By NBF News
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Some readers responded to the first part of this column last week with a holy umbrage. How come a pastor noticed a woman with a pair of beautiful legs? Pastors are not supposed to see such things -presumably, pastors should see only 'holy' things, even if they are reporting carnal things! Someone says reporting such things was 'unpastoral', but, however, declared that he is looking forward to the second part!

That's my people for you -often dancing around moral ambiguities. A case of conflict between religious hang-ups and carnal curiosity. Even the Jews were like that. One day, they saw Jesus eating at a party and accused him of gluttony and being a wine bibber. What is wrong with these people?, Jesus wondered. John the Baptist refused food and drink and you complained and now I came eating and drinking and you accuse me of gluttony! If you want the reference, find it in the gospels as a homework! What some of the readers seem to forget is that the first duty of a reporter is to tell readers the truth as it is, not to gloss over it. That is the reportorial model in the world's greatest and perfect manual on reportage -the Bible.

I've always suspected that if the Bible were the work of today's religious people, some portions like the Songs of Solomon, Proverb 6, Ezekiel 23, Genesis 9: 20-23, 19: 30-30, etc would simply have been chopped off as too embarrassing and therefore, not politically correct! Not the Bible writers. They report the good, the bad, the ugly and move on. Is everything reported inspired by God? Yes. Does God endorse all the actions? No. But, everything is faithfully reported simply because they happened. Period.

Back to our lady, the Slovakian Prime Minister, Iveta Radicova's cerebral discourse on media freedom, objectivity and the imperatives of the conflict between ideals and realism in different societies. Reminder: She was one of the many speakers at the 60th anniversary of the International Press Institute jointly hosted by the twin city of Vienna, Austria and Bratislava, Slovakia. Theme: Thinking the Unthinkable: Are We Losing the News? This with a sub-theme, Media Freedom in the New Media Landscape.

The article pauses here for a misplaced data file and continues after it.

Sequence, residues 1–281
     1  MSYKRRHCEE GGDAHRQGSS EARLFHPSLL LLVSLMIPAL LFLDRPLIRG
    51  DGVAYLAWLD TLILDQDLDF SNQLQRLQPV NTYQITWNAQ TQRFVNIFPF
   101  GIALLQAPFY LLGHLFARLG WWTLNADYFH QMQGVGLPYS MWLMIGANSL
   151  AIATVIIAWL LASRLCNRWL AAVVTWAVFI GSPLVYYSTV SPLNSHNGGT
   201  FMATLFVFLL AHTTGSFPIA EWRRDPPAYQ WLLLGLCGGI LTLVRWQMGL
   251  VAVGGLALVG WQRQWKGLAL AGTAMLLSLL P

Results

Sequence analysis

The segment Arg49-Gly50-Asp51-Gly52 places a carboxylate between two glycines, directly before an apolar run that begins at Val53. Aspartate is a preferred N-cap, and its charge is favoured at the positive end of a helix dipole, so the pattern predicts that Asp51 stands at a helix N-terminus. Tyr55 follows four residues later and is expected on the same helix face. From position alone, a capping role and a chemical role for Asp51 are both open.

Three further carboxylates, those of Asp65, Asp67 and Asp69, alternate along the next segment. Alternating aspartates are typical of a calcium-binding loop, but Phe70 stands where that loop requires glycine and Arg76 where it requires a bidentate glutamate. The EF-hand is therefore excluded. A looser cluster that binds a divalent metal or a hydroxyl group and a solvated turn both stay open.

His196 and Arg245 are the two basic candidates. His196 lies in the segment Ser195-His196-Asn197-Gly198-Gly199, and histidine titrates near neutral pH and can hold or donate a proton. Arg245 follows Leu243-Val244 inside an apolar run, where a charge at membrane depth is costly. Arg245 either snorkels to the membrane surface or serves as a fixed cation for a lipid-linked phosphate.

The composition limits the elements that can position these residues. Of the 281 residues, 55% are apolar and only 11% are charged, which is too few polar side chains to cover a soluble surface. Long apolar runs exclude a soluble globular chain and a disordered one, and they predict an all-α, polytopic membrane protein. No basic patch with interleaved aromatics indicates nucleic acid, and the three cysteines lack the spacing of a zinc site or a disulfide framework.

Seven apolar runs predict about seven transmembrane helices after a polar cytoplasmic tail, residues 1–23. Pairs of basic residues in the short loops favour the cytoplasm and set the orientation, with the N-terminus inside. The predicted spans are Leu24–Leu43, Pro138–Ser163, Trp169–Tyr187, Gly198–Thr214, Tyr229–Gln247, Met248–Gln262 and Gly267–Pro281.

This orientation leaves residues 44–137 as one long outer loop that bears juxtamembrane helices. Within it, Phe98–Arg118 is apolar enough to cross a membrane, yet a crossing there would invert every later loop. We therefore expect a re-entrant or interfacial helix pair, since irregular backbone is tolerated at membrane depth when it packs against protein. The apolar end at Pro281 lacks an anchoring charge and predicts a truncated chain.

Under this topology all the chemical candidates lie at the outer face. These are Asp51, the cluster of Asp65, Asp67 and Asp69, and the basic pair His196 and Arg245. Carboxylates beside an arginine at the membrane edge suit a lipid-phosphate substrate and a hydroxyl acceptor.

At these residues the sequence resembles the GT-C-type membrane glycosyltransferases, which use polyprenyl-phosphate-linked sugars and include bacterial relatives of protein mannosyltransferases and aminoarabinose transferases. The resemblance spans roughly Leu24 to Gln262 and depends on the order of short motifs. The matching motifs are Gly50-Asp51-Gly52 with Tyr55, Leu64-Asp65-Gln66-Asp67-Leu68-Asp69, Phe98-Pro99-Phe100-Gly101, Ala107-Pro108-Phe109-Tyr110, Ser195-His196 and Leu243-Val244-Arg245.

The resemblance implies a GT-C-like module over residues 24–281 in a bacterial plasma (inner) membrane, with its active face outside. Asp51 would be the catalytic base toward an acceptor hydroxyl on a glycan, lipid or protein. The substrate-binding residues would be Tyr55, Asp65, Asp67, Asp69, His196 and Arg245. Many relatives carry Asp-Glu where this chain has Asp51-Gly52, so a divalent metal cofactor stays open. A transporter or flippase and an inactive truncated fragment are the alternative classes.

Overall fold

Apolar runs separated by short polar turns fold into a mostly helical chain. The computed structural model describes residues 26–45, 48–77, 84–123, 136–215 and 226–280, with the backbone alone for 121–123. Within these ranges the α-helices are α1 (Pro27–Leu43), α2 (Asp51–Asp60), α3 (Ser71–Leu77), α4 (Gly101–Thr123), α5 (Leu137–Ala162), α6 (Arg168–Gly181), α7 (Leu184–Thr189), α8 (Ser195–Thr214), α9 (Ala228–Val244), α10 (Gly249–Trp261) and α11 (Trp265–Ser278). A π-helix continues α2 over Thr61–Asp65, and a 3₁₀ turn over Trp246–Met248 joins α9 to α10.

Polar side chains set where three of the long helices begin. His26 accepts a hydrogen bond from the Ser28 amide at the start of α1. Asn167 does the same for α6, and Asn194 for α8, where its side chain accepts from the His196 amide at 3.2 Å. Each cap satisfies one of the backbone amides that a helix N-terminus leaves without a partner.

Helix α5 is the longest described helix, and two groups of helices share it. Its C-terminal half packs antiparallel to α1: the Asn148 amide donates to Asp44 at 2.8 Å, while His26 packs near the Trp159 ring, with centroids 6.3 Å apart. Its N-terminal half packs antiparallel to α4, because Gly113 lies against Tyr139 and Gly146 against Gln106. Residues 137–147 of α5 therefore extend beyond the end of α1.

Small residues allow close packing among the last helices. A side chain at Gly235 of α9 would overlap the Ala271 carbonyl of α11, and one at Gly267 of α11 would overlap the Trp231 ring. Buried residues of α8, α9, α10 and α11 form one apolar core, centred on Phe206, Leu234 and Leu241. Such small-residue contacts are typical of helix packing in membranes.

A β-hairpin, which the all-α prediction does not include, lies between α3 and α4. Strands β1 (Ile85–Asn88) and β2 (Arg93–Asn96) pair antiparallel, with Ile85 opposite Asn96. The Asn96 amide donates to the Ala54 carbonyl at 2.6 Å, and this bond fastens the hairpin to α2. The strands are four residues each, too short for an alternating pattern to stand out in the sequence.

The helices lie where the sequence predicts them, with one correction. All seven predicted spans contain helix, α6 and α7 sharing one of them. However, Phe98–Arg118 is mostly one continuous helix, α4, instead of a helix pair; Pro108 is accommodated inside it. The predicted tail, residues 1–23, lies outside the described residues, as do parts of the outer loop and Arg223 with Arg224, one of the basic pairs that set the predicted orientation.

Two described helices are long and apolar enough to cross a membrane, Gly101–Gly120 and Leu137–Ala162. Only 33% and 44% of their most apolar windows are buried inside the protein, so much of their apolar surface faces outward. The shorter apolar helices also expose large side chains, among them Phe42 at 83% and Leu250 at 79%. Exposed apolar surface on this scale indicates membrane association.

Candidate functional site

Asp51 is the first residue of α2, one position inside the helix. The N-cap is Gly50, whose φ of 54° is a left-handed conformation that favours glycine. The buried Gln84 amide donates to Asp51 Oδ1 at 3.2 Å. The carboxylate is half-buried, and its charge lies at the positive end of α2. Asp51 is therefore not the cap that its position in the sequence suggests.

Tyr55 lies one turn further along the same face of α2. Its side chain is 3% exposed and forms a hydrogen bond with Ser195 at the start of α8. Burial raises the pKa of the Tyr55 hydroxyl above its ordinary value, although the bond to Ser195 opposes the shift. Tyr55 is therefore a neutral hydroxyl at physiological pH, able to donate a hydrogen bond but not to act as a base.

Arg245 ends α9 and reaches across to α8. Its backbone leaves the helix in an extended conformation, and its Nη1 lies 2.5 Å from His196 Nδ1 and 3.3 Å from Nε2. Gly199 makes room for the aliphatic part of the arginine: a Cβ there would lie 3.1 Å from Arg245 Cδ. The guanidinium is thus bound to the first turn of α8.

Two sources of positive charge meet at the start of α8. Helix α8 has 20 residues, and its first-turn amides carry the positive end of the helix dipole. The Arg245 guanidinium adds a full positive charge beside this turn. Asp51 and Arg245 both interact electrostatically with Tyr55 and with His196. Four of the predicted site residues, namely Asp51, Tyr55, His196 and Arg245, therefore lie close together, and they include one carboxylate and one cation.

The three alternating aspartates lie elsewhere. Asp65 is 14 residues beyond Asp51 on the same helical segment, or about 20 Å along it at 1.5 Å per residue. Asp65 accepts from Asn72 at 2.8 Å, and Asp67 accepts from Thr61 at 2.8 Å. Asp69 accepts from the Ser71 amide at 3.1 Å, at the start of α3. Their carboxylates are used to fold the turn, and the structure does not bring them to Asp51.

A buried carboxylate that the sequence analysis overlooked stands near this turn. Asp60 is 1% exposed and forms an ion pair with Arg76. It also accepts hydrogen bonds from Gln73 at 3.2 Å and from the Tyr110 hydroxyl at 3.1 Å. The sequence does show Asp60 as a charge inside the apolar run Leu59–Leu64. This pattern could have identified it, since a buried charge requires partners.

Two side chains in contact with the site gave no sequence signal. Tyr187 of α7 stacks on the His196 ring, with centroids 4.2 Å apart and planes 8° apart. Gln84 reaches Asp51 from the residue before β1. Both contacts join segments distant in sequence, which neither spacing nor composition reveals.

Media freedom and openness as practised in the West, Prime Minister Radicova espoused, may not necessarily be suitable for some societies where basic survival is the critical human need. She wants dialogue on some critical posers. For instance, when the Western media harp on openness and freedom, is it really about public interest or about vested commercial interest driven by inter-media competition? Is it issue of content or media platform that is at stake?

'At times,' she argues, flashing her audience with her flirty smiles ostensibly designed to conceal her jibes at the media lords listening raptly to her exhortation, 'to be open, the forum is more important than the content. There is a fight between forum and content, between commercial interest and public interest.'

She added, 'In Iraq for instance, is it really in the public interest to show all the killings which may lead to more killings? Where does responsibility come in? You need to judge between commercial interest and public interest.'

What this shrewd woman is doing, really, without anybody seemingly taking serious notice, is to hide behind her feminine charm to hit out at the media, especially the western media, for fuelling human conflict in order to gain competitive market advantage, rather than care so much about the critical issues that matter to the society. This is almost accusing the media of blue murder with smiles!

She recalled the time when Slovakia was still behind the Iron Curtain and listening to the Voice of America and Radio Free Europe in their communist enclave constituted what she uniquely called 'Island of positive deviation'. But still, she has some reservation about democracy without ethics and media freedom without moral limitations. 'Democracy without ethics is no democracy,' she declared flatly. 'You can have perfect media laws but that does not guarantee freedom if there is no ethics and morality. Is everything to be published or not? That is the root of human rights.'

Simply put, Radicova insists that unrestrained media is as much a threat to democracy just as a fettered media. 'Democracy is like love-if you don't care for it, you will lose it. It is not obvious that if you have the lady called democracy, you will always have her no matter what you do to her.'